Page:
I recently received e-mails from my state senator and from Senate President Libby Mitchell asking for support of the bond package that the Legislature has approved. In the past I have voted for almost every bond package on the ballot.

With so much money being cut from the educational programs across the state, should it be looking to borrow money for bond packages? This coming year and for years into the future, our schools are going to be so understaffed it is disgusting.

Teachers are not going to have time to give any children any special attention because their class sizes are going to be so large. I fully realize that bond packages are not used to fund education programs, but there has to be something done. Everyone says that our children are our future.

President Obama is stressing the need to improve the standard of education for our children. No Child Left Behind has become a joke. Yet we are going to be asked to borrow millions of dollars to fix our roads and bridges, for a pier for Portland, and so on.

We as the state of Maine need to readjust our priorities. Instead of rushing to pass this bond package, lawmakers should have been finding ways to obtain money to fund the educational programs that have been cut.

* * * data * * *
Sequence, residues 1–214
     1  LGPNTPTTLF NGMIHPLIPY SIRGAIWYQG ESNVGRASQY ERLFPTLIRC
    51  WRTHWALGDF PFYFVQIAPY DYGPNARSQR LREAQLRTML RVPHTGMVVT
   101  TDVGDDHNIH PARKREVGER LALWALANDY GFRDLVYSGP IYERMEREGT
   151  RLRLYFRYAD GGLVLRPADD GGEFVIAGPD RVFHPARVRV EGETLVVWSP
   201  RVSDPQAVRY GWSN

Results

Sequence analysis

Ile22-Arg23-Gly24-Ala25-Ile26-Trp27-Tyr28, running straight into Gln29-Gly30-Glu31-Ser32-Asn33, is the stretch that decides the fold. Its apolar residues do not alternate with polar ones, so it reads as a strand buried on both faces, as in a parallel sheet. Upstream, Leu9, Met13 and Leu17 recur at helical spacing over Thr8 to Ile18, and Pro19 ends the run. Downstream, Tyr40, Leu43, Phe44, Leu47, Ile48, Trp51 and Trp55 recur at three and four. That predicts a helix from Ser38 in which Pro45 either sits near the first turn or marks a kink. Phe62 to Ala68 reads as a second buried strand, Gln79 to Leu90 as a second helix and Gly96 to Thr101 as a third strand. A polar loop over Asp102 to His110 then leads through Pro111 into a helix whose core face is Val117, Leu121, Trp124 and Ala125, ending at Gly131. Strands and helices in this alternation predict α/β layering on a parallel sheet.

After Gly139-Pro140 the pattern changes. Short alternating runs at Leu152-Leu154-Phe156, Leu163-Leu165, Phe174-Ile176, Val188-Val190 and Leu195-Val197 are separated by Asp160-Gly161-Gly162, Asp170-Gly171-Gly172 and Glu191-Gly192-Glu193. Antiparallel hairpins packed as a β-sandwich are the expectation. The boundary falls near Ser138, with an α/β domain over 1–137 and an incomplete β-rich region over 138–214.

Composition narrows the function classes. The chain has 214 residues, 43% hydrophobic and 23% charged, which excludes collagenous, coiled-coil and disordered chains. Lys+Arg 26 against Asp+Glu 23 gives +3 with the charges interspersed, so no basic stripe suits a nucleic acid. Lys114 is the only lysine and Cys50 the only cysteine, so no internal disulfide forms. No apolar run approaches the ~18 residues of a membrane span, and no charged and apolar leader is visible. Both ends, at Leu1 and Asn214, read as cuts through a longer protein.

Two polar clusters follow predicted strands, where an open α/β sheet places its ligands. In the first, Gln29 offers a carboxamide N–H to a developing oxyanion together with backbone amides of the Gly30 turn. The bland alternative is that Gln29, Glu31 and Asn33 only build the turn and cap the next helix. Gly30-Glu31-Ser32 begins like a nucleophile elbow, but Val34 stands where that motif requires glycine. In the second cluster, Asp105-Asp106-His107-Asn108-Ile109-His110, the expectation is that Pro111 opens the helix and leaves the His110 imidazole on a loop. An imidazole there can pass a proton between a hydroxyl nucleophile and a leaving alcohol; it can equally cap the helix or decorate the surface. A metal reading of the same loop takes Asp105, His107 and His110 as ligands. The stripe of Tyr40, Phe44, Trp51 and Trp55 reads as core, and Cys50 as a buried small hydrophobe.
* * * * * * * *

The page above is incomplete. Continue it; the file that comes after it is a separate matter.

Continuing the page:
Paul Doucette

Gorham

 

The Maine Department of Transportation is throwing $5 million into the wind. DOT wants to spend this money on William Clarke Drive in Westbrook — as far as I can see, only to beautify it. This road was built as a bypass to get traffic off the main street, and that is exactly what it does. It may be a mile long at the most, and we now have six traffic lights and they want to add at least two more.

But the people on River Road in Windham want this money used on a road that is very dangerous and has many more accidents than William Clarke Drive. They deserve this money, as this road has been in very bad condition for many years and nothing has been done to it. DOT says it will be approximately two more years before it might get done. that time you won’t be able to use it, anyway.

It is my understanding that Pike Industries got $35 million for the job on I-295 up around the Richmond area. Because the firm finished three weeks early, it got a $2 million bonus. The Maine Turnpike Authority went up on tolls at its toll booths to get more money. It has also built a new building on the road from outer Congress Street to Western Avenue in the Jetport area.

I wrote to Gov. Baldacci about this and all he did was give my letter to the commissioner of transportation to get in touch with me. So far, a month later, I have not heard a word.

Come on, Gov. Baldacci, don’t you care where this money is spent? Apparently nobody checks to see where money is spent. That must be why we are in such bad shape. They just don’t care as long as we keep approving bonds for highways and bridges. Let’s change this next election.

Leona Glidden

Westbrook

Casco incident over, but issues of racism continue

On the surface, the Casco e-mail incident that made headlines appears to be resolved. The Board of Selectmen voted to censure one of their fellow members for forwarding a disturbing racist e-mail about Michelle Obama.